As the movie barrels from the mid-1980s onward, its pace becomes choppy. Incendiary emotional confrontations are rushed, shortcuts taken, and the movie screeches to a halt in an overly sentimental ending that is too abrupt to elicit the buckets of tears it might have, given more preparation.
Yet “Live and Become” exerts a tidal pull. It makes you feel the weight of history, of populations on the move in a restless multicultural world. It makes you reconsider cultural assimilation, a process that may seem to be complete but whose underlying conflicts may never be fully resolved.
Haven’t you yet met someone who gets never tired of narrating about his or her student years in the good old Soviet Union? Most of you must have met someone like that already…. or you are that someone. If you are none of the above, I am hereby going to feel that gap. We are spread out all over the world. Most of us didn’t go back to Ethiopia preferring to stay away in order to search for something we could still not describe. Though many of us might reach a certain goal in our life abroad, I choose to call us “The Lost Generation”. If you have already listened to those stories from ex Ethiopian students in USSR, the ingredients of their narration will definitely throw some light in to this terminology “Lost”. When we talk about our years in Russia, we usually talk about the great life we had there but never about what we have gained after our study and after we left. Unfortunately, most of us learned subjects that we couldn’t implement afterwards.
The lost Generation.
Moscow “The Arrival”
Two strange things hit my mind on my arrival in Moscow. The sun was not as warm as it should be and there was no spice in the food that I first tasted. Two missing essential aspects that could easily discourage a new-comer student from Ethiopia. Before leaving Ethiopia, I remember spending my hard earned money on a jacket in Merkato hoping it could keep me warm through the dreadful Russian winter. It was around the end of September and I knew, I should have invested that money on something else like on ten kilogram of Berbere.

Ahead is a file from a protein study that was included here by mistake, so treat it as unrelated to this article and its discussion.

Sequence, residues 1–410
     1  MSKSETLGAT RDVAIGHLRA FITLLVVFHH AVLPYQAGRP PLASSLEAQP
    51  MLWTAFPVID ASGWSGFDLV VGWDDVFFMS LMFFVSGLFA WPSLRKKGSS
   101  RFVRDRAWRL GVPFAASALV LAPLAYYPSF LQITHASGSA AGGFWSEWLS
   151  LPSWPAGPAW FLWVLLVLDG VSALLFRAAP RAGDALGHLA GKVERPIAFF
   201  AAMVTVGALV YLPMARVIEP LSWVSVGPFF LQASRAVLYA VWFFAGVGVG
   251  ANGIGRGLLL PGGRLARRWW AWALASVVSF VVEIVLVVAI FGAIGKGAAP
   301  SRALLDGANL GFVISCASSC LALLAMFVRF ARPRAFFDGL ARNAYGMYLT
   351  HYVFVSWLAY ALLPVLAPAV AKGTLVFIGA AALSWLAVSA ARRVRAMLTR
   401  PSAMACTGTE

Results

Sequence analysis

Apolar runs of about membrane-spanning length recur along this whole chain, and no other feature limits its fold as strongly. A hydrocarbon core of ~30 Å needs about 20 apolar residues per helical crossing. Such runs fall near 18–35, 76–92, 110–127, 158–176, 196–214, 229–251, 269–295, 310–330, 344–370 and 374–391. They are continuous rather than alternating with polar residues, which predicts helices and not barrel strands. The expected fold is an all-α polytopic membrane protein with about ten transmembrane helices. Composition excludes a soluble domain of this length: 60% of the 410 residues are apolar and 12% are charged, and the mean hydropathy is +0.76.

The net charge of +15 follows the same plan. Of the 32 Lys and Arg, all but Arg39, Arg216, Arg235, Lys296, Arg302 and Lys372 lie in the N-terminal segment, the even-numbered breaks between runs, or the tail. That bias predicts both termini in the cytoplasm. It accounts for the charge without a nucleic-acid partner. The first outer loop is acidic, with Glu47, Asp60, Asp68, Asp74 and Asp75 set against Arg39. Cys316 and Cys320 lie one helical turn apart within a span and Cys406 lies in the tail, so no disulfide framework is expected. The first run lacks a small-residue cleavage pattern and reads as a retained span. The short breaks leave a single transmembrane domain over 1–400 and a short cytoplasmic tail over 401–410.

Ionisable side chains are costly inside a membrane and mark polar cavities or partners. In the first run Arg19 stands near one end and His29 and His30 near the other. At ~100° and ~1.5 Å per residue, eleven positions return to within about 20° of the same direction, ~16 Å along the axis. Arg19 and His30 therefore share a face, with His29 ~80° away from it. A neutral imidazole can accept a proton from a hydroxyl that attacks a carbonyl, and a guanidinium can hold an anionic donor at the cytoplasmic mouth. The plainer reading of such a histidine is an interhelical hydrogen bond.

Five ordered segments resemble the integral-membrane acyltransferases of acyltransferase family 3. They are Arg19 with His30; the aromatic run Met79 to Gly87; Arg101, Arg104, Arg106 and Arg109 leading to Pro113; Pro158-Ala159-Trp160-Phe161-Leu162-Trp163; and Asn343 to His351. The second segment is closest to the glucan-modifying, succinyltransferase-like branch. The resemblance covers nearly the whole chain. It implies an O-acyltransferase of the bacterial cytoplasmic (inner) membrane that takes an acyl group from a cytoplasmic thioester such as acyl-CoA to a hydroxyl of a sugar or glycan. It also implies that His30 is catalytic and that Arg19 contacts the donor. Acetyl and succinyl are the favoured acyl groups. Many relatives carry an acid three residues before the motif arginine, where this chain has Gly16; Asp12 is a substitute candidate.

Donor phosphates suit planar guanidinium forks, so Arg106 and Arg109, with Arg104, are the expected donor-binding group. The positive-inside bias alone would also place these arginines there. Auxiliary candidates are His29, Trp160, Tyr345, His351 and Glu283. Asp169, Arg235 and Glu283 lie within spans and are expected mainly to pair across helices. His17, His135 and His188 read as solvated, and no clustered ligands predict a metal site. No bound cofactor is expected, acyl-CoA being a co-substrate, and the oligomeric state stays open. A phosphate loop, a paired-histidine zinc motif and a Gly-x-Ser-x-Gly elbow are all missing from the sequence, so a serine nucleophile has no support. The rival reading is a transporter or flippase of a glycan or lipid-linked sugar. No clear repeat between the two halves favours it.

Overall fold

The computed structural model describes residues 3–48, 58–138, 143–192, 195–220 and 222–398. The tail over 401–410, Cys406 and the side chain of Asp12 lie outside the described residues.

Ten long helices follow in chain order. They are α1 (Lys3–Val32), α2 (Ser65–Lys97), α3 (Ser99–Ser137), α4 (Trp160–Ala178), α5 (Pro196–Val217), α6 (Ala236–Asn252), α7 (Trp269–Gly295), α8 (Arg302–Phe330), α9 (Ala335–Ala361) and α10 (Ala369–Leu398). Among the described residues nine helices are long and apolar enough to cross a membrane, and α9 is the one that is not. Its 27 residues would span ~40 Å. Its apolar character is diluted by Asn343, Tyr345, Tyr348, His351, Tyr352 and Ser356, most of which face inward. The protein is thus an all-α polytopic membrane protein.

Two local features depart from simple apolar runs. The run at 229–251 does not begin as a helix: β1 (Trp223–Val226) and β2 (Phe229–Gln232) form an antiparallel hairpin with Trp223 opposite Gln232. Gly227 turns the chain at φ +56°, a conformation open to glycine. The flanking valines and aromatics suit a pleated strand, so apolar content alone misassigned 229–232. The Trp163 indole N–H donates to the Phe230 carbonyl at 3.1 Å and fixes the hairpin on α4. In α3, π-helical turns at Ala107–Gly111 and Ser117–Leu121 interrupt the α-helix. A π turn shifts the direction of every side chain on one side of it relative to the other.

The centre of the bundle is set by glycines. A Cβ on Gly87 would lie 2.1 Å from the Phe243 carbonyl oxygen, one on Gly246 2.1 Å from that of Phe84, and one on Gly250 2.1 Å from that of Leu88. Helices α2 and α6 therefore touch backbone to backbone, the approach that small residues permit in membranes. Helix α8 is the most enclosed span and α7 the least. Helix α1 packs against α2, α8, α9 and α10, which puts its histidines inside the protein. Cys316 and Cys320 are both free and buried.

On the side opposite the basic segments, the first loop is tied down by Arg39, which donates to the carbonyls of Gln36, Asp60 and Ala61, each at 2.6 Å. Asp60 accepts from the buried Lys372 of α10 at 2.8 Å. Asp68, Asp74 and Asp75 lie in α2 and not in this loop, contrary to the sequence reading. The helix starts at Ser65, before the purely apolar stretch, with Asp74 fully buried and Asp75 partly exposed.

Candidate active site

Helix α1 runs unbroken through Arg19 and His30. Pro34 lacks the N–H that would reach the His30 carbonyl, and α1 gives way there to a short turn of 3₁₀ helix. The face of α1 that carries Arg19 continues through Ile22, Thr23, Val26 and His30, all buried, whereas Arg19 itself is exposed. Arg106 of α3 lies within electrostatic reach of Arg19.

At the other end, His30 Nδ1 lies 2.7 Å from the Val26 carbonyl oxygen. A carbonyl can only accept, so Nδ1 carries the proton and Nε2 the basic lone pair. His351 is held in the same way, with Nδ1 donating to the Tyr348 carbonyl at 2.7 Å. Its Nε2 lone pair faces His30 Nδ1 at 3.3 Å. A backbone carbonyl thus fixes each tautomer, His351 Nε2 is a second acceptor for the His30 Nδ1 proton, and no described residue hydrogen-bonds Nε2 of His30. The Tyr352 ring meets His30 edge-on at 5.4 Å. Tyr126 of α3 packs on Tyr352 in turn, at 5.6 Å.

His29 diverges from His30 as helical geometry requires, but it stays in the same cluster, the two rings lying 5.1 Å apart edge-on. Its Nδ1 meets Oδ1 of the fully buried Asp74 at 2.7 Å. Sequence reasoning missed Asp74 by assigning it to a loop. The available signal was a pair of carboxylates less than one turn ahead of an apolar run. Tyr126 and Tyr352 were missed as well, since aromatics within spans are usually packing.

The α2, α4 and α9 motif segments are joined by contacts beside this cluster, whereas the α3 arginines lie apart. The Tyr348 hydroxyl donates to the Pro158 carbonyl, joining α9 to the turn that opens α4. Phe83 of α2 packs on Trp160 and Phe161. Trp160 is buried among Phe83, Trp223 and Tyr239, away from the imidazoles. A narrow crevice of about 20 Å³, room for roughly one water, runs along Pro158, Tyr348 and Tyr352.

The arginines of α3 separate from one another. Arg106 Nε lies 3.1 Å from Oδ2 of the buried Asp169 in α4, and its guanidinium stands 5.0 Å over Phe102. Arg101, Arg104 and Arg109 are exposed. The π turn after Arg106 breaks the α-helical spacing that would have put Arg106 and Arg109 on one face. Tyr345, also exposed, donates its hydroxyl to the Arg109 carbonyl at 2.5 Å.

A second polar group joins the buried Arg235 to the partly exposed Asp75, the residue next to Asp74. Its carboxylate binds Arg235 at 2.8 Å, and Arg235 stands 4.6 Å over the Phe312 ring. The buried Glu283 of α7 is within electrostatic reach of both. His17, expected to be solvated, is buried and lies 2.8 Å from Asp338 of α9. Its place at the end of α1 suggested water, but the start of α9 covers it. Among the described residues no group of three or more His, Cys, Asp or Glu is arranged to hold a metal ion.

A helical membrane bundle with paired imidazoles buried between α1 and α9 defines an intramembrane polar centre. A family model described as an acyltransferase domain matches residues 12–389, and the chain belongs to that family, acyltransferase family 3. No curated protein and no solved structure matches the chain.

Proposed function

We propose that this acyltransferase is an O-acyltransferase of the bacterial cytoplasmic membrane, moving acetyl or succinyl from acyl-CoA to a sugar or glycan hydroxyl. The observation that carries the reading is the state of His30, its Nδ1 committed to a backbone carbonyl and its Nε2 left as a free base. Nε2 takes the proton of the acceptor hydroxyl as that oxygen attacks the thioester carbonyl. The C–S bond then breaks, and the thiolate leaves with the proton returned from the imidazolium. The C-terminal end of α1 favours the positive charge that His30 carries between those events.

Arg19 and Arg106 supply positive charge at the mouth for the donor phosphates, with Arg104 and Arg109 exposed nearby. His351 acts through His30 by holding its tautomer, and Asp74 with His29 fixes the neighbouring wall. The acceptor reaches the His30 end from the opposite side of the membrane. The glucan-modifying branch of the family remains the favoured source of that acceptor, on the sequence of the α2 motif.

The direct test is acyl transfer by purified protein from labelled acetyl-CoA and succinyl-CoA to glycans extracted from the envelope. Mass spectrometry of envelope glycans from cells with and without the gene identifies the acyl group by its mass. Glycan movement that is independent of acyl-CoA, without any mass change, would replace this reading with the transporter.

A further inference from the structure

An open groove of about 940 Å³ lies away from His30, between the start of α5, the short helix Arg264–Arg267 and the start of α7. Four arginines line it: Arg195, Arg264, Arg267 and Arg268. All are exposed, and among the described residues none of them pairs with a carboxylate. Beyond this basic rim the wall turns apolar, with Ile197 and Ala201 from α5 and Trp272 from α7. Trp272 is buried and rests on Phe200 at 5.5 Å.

Firstly, all of us new-comers from various countries were sent to a big camp in Moscow where I and most of my Ethiopian colleagues had our first experience of seeing so many young students of different origins. We must have been over thousand in this camp and our stay in there was professionally organized. Many Russian young girl and boy students were assigned to help us through different processes of a day. Specially the creation of various groups while the meal time was essential. A lot of chaos would have happened if this young Russians haven’t been around.
Before being sent two our designated universities and institutes through out the Soviet republics, we have stayed in this collective camp for about a week or two. The amazing atmosphere in this place was that everything there was too hype to believe. There have been music videos from the west running on various monitors that were placed in every dormitory. We rarely went out of the compound because it was so perfect for us in there. After getting to know the other students from countries like Cuba, Angola, Columbia, Afghanistan, etc., the camp was so cozy and full of positive reflection that most us started to see USSR in a quite different eye view. We were sure that it would be fantastic like that through out our stay in the country…
In 1976, after receiving Moscow’s assurance of military assistance, Lieutenant Colonel Atnafu Abate, vice chairman of the Derg, announced that Ethiopia would restrict its future purchases to “socialist countries.” By the time Somali forces captured Jijiga in September 1977, Moscow already had decided to supply military assistance to the Mengistu regime.
1985, Ethiopian art students on state scholarship in the USSR